What still happens however is that the script uploading these assets to S3 IS currently dumbly uploading and overriding the original file. We were under the assumption this change would be pretty harmless since the file is the same name and contents but perhaps this has some adverse effect?

Another effect of this release was that now there will be a lot more assets due to aggressive code splitting. One thing to note here though is that none of the async chunks seem to suffer from the same problem (they're using jsonp afterall) and the issue is only with those assets reference via <script> and <link> tags.

You can find the build artifacts of the release PRIOR to the breaking release here. And find the NEW build artifacts of the current active release showing infrequent issues here. You can also find our deploy scripts here

All resources can be found on google drive here.

Update 4:

This issue is still occurring and has now been reported on an async chunk which is loaded on-demand. Looking at the webpack runtime these scripts are loaded by adding a new script tag to the page, again with crossorigin="anonymous".

Update 5:

On each build we now use a unique salt (the release version) when hashing the file names. This means no assets are shared between builds. The issue has continued to persist after this release.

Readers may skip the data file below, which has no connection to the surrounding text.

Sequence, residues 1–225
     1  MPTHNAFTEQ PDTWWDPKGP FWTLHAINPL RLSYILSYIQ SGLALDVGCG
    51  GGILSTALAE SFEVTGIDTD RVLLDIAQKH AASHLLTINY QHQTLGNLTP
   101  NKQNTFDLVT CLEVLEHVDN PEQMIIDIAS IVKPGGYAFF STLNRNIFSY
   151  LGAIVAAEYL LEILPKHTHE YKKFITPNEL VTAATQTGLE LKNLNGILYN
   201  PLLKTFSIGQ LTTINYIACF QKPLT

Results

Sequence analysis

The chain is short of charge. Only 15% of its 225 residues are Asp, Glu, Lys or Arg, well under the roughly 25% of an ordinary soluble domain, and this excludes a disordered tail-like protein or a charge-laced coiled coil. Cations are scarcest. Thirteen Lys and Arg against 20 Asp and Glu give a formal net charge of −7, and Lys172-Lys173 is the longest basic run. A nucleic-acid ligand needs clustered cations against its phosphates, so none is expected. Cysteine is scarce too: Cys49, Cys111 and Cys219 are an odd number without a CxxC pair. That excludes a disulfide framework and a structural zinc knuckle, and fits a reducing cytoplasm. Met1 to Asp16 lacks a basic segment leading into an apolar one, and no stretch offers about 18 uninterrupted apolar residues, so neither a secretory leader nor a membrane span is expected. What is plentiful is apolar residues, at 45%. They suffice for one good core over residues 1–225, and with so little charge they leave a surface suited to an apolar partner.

Update 6:

I've uploaded a .har file showing this issue occurring over a user session.

Search for the following string "url": "https://assets-frontend.kalohq.ink/style.allapps.add899080acbbeed5bb6a7301d234b65.css", and see the various requests made for this asset. You will see the first few are fine and have the headers you'd the expect. The last occurrence (line 32624) is the one which failed.

    "startedDateTime": "2017-06-28T09:40:15.534Z",
    "time": 0,
    "request": {
      "method": "GET",
      "url": "https://assets-frontend.kalohq.ink/style.allapps.add899080acbbeed5bb6a7301d234b65.css",
      "httpVersion": "unknown",
      "headers": [
          "name": "Referer",
          "value": "https://kalohq.ink/account"
          "name": "Origin",
          "value": "https://kalohq.ink"
          "name": "DPR",
          "value": "2"
          "name": "User-Agent",
          "value": "Mozilla/5.0 (Macintosh; Intel Mac OS X 10_10_5) AppleWebKit/537.36 (KHTML, like Gecko) Chrome/58.0.3029.110 Safari/537.36"
      "queryString": [],
      "cookies": [],
      "headersSize": -1,
      "bodySize": 0
    "response": {
      "status": 0,
      "statusText": "",